“What started out as solving a core problem of not being able to check your homework has evolved into solving all these other problems that my school has,” says Zach.
Launching Campus Plus to an entire high school
Zach made an announcement about Campus Plus at a school assembly, where over 300 people downloaded the app. He then hosted 20-minute onboarding sessions with each grade at his high school over the course of a month, making sure everyone knew how to use Campus Plus to its fullest potential.
Today, over 500 people use Campus Plus, which is basically the entire upper school (11th and 12th grade). And it’s been a smashing success with both the administration and students.
“The administration was excited and impressed. I mean, if they hired a company to build an app like this, it would probably be super expensive,” says Zach. “My classmates have also really enjoyed using the app. You can check your assignments and schedule in a pinch. The push notifications have been super helpful, too. High school kids don’t really check their email. It’s way easier to communicate with us now.”
The future of Campus Plus
Even though Campus Plus has been a hit at Zach’s high school, he doesn’t plan on stopping there. Like a true entrepreneur with a Maker’s mindset, Zach has been iterating and improving Campus Plus ever since its release.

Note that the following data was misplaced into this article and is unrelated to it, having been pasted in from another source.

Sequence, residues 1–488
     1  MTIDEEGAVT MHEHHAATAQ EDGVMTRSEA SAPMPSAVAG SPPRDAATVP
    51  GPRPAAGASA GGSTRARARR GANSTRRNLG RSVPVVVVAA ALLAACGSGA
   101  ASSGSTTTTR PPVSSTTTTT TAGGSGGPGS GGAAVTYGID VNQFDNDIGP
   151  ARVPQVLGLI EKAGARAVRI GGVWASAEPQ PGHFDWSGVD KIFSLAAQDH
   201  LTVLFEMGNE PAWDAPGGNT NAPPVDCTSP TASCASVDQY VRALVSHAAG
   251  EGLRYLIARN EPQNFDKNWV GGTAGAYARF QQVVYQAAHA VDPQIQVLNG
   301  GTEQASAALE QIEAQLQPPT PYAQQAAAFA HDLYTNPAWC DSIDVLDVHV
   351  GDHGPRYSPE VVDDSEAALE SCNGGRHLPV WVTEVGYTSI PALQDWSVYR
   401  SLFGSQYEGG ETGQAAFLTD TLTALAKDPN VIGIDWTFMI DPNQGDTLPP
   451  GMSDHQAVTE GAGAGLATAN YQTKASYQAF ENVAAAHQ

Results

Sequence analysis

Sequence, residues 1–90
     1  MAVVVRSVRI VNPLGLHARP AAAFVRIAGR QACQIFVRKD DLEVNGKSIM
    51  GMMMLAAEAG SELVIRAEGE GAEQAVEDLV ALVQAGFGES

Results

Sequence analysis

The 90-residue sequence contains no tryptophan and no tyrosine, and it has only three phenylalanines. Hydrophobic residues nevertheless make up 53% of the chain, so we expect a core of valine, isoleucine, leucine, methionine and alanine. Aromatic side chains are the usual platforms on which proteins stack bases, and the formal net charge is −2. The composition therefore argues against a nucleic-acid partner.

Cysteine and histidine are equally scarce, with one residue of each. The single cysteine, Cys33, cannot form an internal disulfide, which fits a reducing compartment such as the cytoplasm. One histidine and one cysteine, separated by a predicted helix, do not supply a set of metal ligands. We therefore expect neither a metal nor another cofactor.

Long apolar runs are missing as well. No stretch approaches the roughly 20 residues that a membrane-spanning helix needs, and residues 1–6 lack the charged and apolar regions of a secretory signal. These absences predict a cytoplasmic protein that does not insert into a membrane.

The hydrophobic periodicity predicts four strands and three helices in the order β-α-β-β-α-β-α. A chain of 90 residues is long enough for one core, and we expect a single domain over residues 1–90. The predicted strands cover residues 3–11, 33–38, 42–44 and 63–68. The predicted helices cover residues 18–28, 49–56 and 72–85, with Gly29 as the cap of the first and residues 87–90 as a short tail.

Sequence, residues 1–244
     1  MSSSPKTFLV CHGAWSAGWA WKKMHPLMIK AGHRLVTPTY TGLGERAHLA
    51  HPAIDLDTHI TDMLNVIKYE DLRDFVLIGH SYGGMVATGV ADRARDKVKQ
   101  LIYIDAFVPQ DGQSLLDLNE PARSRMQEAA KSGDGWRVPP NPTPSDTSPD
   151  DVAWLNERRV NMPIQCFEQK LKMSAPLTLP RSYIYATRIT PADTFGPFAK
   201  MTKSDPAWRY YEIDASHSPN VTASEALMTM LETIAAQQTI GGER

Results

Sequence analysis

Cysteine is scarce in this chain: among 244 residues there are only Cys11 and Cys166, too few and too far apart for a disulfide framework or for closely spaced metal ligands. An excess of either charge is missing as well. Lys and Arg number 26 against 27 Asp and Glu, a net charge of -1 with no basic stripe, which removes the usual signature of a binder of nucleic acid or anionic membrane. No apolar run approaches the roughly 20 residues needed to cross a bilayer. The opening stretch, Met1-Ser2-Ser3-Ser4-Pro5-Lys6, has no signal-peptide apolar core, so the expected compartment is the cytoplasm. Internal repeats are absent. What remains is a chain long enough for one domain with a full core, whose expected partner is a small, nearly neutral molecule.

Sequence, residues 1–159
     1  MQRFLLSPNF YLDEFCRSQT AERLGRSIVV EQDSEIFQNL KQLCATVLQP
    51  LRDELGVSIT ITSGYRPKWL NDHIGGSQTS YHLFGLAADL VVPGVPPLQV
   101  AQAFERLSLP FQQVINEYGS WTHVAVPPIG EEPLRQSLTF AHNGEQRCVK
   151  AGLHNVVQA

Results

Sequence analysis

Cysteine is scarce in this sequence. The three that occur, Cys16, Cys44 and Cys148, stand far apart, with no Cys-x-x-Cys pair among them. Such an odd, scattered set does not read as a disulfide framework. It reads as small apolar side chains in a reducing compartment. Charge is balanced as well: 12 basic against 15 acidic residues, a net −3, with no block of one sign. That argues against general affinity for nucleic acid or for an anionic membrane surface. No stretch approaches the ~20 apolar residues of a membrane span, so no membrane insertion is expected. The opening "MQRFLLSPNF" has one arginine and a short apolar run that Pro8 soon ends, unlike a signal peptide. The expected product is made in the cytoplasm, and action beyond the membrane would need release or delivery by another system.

In the next version of the app, students will be able to filter their assignments by due date and class and mark them as complete, which will trigger a fun confetti animation. Zach is also adding a directory where students can search for someone and see their availability on Google Calendar.
Eventually, Zach wants to white label Campus Plus and sell it to other schools that use the same learning management system as his school.
“That’s the next step,” says Zach. “Hopefully, I can turn it into a business”.
Zach Smith: The Next Trailblazer in EdTech?
Whether or not Zach starts selling Campus Plus to other schools, it doesn’t matter. Because building and launching the app has carved a promising path ahead of him—and for the EdTech industry.
“After graduation, I want to study interactive design and then work in the education technology field,” he says. “I want to build a startup that does something meaningful”.
Zach’s story proves that when it comes to updating outdated systems, arming yourself with a creative mindset and a visual automation platform can enable you to think outside of the box and build inventive solutions.
In other words, you’ll be able to do what Make was made for: Innovate without limits.